How to make your CV stand out from the crowd

If you’re fortunate enough to be only up against a handful of other people, you may stand a good chance. With the right skills, qualifications and experience, your chances of making the interview stage look very promising.

Unfortunately you are not always going to be up against a handful of people. It’s more plausible that there are twenty, thirty, or even forty other applicants all applying for the same position. Your chances of gaining an interview have now dropped dramatically.

The key to success is writing a CV that stands out from the crowd. Your application needs to offer a unique approach and take the initiative. If you want to rely on your credentials alone, then go for it. That could be enough to see you through. But if you don’t want to take any risks, then read on for some tips on how to make your CV stand out…

There is only one employer

Your only focus when writing a CV is to show the employer that you are the right person for the job. It is not an opportunity to show off all your achievements and skills. Although you may have a fantastic amount of work experience to shout about, the employer is not interested in your entire career history.

The employer is mainly concerned with how relevant you are to the role. Have you worked in this industry before? Have you already got some or all of the skills required? Are you qualified for the role? Do you have relevant experience?

To stand out from the crowd you need to write a CV that only considers that particular employer. Your application should not contain everything you’ve ever achieved, and should focus upon what matters.

Most job seekers write a CV that they use for every employer they apply too. The problem with this is that it will fail to focus upon their needs. Each company has their own unique culture and approach. The job description, no matter how similar the job title, will vary from employer to employer.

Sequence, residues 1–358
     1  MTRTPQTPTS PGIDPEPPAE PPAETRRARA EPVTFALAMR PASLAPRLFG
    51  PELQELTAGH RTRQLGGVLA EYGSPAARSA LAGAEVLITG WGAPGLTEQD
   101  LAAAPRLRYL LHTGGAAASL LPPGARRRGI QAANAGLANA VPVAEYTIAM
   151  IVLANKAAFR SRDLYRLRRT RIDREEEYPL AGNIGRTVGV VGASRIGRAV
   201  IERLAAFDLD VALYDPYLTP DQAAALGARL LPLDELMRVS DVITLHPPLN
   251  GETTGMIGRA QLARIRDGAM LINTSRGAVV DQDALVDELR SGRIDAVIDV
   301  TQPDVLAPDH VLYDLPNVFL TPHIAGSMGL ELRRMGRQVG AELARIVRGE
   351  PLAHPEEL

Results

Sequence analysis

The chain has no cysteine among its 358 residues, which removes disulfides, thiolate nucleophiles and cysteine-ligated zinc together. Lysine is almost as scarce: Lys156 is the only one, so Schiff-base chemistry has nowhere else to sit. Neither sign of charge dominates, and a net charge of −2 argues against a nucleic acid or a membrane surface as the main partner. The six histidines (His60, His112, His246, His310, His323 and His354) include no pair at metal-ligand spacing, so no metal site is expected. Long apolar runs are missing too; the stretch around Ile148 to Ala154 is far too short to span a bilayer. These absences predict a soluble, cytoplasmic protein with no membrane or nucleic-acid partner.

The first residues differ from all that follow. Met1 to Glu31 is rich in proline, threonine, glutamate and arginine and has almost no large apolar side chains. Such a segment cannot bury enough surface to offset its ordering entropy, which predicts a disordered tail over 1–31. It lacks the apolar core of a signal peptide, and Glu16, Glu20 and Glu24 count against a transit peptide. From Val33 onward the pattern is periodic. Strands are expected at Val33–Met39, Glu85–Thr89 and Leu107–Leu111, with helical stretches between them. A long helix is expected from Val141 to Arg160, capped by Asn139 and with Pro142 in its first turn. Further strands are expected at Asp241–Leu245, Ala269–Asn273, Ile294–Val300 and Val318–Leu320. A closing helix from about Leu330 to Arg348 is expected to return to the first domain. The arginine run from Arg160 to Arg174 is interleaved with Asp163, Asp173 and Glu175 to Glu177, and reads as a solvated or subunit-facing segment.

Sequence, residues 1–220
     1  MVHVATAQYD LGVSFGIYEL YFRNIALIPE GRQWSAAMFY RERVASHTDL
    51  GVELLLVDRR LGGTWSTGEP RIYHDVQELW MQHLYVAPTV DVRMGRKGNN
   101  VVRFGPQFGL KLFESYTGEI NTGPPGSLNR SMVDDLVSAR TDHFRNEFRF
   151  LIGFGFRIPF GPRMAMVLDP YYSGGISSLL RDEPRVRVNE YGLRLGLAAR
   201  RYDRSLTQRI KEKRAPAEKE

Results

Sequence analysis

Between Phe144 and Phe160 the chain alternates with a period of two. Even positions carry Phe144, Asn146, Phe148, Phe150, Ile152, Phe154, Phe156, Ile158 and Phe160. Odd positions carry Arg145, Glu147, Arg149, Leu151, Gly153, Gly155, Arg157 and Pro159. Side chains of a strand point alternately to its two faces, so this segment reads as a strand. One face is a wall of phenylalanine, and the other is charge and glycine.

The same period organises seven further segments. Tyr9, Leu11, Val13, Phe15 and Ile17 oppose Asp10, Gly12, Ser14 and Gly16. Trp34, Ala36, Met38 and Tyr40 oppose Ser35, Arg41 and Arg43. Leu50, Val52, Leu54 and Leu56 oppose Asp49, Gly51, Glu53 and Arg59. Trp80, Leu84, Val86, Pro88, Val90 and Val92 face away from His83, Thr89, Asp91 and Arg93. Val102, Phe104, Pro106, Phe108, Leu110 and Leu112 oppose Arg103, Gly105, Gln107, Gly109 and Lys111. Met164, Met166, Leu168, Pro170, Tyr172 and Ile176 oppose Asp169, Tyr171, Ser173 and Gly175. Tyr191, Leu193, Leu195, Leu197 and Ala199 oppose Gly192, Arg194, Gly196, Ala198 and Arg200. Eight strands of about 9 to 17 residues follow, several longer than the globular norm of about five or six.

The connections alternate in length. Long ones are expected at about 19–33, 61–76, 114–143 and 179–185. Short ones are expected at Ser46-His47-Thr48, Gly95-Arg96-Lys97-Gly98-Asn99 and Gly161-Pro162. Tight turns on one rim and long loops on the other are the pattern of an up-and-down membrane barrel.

Stay focused

It would be a mistake to assume that the hiring manager wants to read every single task for each of your previous roles. Ask yourself, what benefit would that be to them? Instead, focus upon listing tasks which are relevant to the employer. The same or even similar skills and tasks are what’s need to stand out from the other applicants.

You don’t necessarily need to list every job you’ve had on your resume. In fact, if you’ve been in the workforce several years, many career experts advise listing only your most recent employers or including just the positions relevant to the job you’re applying for. If you’ve worked in a diverse array of industries, you may also want to omit some of your experience, especially if it’s not related to the job you’re seeking. — Ellie Williams

Within a few seconds the employer should quickly be able to see that you have some or even lots of direct work experience. But don’t forget that this doesn’t mean you need to have done the exact same job before. You can demonstrate transferable skills and experience and make the comparison for them.

Applying for a sales role means you need to provide sales experience. It doesn’t have to be the same product or service, and anything ‘sales’ related is relevant and will add value to your CV. So no matter how different you think your past roles may be, there could just be some transferable skills in there that are relevant.

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